• Coarse whites: Samples used for identification of contamination during preparation stage. They are mine waste material samples (no mineralization), with coarse particle size, which must be subject to the whole preparation process along with original samples of the project. They are recommended to be added right after mineralized samples.
  • Fine whites: This tool is used to identify potential contamination during analysis. They are pulverized material samples free from active components (waste) and must be added and analyzed right after sample mineralization. 
  • Standards: Used to assess analytical accuracy. They are samples prepared under special conditions and must be used as lots for analysis by primary and secondary laboratories. A standard of at least three-degree ranges (low, medium, and high) is recommended. Accreditation criteria are used to assess analytical accuracy.
  • Coarse (or preparation) duplicates: Tool used to assess errors during the preparation stage (quartering). They are duplicates collected right after crushing and quartering stage. They must be added to the same original sample lot, with different numbers, and analyzed at the same laboratory. 
  • Slurry duplicates: Used to access analytical laboratory precision. They are replicates (duplicates) of the original samples, pre-crushed, added to lots for analysis and identified differently from the original samples. Such samples are used to assess the analytical laboratory precision.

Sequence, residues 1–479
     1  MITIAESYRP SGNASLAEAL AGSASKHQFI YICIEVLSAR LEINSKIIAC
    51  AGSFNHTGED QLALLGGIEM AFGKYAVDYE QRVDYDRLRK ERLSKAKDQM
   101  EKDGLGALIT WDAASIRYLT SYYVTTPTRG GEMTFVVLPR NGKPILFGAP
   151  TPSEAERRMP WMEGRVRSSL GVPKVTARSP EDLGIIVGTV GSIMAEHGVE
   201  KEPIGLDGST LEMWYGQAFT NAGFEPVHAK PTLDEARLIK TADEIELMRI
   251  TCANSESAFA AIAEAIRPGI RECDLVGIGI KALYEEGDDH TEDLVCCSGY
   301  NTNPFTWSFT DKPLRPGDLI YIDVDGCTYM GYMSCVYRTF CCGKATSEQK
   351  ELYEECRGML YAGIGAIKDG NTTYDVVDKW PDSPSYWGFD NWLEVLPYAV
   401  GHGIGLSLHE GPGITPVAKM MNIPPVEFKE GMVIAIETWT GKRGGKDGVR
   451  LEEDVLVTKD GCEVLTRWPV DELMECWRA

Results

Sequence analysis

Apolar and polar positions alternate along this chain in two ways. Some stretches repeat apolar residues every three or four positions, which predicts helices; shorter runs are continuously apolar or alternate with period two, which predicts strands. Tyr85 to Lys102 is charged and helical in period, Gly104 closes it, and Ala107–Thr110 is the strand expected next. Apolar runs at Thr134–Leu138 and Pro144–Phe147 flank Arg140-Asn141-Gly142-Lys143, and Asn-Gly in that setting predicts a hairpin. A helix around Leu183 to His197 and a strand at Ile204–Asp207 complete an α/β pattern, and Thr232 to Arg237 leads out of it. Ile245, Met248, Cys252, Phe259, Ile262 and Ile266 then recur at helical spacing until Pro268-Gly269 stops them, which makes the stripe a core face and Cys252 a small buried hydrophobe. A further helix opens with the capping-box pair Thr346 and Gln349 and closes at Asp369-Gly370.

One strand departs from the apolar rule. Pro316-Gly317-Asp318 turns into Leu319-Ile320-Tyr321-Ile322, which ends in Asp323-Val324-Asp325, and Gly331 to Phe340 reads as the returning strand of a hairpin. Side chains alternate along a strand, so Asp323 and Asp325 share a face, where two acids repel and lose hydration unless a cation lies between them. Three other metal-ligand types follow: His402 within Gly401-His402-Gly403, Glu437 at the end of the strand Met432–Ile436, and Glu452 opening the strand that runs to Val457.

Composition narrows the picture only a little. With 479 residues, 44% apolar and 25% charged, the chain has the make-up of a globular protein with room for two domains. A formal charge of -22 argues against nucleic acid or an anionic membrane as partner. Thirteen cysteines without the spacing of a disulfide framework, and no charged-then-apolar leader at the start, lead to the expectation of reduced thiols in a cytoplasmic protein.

QAQC and application to mineral project phases

A Mineral Project has several phases or stages with common data generation or sampling. Therefore, QAQC. procedures must be complied with. In general, these phases/stages include: 

  • Mineral Prospection: This stage is the outset of a mining project, with ore and associated rock characterization being required (thus involving analysis of its mineralogy, grades, and resource and reserve definition). Thus, QAQC will provide data transparency and reliability required for economic feasibility of the project. Sampling and its description (drill cores or manual) and data management are relevant steps for QAQC application.
  • Chemical analyses:  Reliable and transparent results for samples sent over to the laboratory are fundamental for appropriate ore deposit characterization and decision-making. Several sampling control tools (previously referred to) are used for the chemical analysis process, e.g. mass control, preparation white, duplicates, reference materials.
  • Database: All ore deposit information obtained are managed on a database. Thus, it is important for such data to be correct for project development and upcoming stages not to be jeopardized. A responsible person for database management must be appointed, and permissions for each user and backups must be obtained.
  • Geological Modeling: All deposit-related information (drilling data, samples, rock types, chemical analyses, grades, and density, amongst others) can be visualized on a geological model. Thus, it is paramount for all data to be appropriately located and shown on the model, with this being the essential tool for decision-making of the mineral project (e.g., resource definition, economic feasibility, and even mine location for ore exploration). 

Thus, sampling, analyses, and data management stages, along with QAQC procedures, are fundamental for good mineral survey or exploration project performance.